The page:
MCSCI response to recent terrorist attacks

The shock of the terrorist attack in the centre of Paris has reverberated across the Western world. We grieve at sudden death of innocent people; we are angry at those who brought violence and bloodshed into the midst of our ordinary lives; we suddenly feel horribly vulnerable to the same sort of chaos we have seen enacted across the Middle East—it is one thing to read reports this week from Beirut (40 dead) and Baghdad (26 dead), which we add to the litany of distant tragedies, such as Nigeria (219 school girls kidnapped a year ago) and Kenya (147 students killed in April), but men with suicide vests on European streets suddenly brings it all close to home.

How do we respond?

To begin with, we grieve for those who have been brutally killed in the midst of everyday life. But let us not allow fear to determine our response; nor allow hatred or vengeance to take precedence in our hearts. The goal of terrorism is to create terror, and a response that leads to more violence. Fear can lead to viewing every Muslim as a potential terrorist, creating suspicion and division within our communities. Of more concern is that it can lead some to take retaliation into their own hands.

Then, let us take a practical step, and reach out to our Muslim neighbours. It should be able to go without saying that the vast majority of Muslims also reject these terrorists; all our Muslim friends are as shocked by these events as we are. Many will feel vulnerable to blame and possible reprisal. We suggest that over the next few days Christians go out of their way to contact any Muslims living nearby and affirm that we stand with them against this violence, indeed that we value them as friends and fellow citizens.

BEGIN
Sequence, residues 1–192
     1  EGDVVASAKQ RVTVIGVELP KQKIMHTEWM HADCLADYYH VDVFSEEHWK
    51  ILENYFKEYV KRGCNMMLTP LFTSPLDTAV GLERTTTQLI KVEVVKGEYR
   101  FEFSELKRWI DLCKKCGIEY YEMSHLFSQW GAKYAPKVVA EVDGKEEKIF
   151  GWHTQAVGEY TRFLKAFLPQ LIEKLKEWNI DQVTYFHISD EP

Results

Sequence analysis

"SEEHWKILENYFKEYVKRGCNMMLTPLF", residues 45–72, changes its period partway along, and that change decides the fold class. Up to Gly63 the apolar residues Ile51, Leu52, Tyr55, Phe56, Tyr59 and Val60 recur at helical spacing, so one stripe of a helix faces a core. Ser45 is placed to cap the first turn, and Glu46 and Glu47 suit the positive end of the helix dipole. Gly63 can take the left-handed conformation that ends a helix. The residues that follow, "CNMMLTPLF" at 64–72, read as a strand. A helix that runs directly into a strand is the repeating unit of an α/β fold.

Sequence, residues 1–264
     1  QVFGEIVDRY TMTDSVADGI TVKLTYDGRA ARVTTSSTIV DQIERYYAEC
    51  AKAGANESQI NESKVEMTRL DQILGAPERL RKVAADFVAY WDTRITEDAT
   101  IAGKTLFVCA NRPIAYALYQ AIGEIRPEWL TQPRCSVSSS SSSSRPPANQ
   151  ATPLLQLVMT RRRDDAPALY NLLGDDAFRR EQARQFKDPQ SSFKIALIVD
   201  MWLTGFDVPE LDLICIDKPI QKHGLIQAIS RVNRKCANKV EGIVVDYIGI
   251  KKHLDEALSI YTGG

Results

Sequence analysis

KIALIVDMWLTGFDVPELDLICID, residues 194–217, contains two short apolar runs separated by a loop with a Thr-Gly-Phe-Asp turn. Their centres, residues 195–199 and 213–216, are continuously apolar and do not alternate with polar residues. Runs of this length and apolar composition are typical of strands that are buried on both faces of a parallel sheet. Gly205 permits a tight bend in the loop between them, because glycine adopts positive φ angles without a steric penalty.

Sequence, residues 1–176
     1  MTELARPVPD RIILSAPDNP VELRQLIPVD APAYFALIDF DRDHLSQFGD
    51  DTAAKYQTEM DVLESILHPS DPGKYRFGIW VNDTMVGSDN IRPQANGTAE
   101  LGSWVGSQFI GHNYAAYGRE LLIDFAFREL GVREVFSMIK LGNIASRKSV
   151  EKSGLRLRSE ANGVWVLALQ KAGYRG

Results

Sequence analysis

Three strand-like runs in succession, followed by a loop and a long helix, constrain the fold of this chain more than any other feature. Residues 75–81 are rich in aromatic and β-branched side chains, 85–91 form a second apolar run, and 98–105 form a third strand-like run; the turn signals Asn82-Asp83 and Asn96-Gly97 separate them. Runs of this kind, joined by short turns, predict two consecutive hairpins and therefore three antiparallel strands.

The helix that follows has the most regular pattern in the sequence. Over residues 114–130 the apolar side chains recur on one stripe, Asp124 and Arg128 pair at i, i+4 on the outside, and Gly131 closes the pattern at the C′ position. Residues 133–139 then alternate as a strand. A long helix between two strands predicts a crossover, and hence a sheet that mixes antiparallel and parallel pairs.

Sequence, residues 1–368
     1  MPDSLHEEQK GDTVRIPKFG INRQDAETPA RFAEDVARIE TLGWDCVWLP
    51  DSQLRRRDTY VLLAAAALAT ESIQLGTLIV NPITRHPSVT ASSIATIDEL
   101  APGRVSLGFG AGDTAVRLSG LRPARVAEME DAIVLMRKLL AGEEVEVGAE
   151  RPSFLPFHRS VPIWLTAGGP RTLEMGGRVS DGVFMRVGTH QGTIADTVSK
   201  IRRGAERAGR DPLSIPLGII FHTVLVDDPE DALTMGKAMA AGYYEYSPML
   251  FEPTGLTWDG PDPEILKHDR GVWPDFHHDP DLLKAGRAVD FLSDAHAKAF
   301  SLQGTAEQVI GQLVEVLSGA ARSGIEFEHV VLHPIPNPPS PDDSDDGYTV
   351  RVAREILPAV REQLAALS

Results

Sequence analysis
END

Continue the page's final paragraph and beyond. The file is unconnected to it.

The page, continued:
We may also be a voice for refugees fleeing Daesh. There are already voices turning against refugees and blaming their presence for this attack. We should, rather, now be able better to understand what these people are fleeing. They have suffered such attacks on a daily basis. We can lift our voices to our elected representatives to call on the government to do more than has thus far been promised, to provide a true refuge for those who suffered much violence.

What we should not do is allow fear to guide our reactions. Bear in mind the teaching of Scripture: ‘Perfect love casts out fear’.

 

– Phil Rawlings and Dwight Swanson, Directors, MCSCI

3 comments

  • Les Holland

    Yes, our hope is in the name of the LORD.

    He loves us equally.

  • James Ambrose

    Thank you for this summary. The local mosque and churches together in Heald Green are organising a faith communities act of solidarity in support of victims of the Paris violence and against acts of terror on Thursday 26th November. We stood together at the recent Remembrance Sunday Service and there committed ourselves to peace, healing and justice so this is a good opportunity to demonstrate that pledge.

  • David Bradwell

    Thankyou for this, we should still hold out the hand of friendship to all. Islophobia is an irrational fear – as is any PHOBIA – events like Fri 13th, 7/7 or 9/11 are meant to feed the phobia, but we need to see our friends in Islamic spheres and not be put off.
    God bless,
    David Bradwell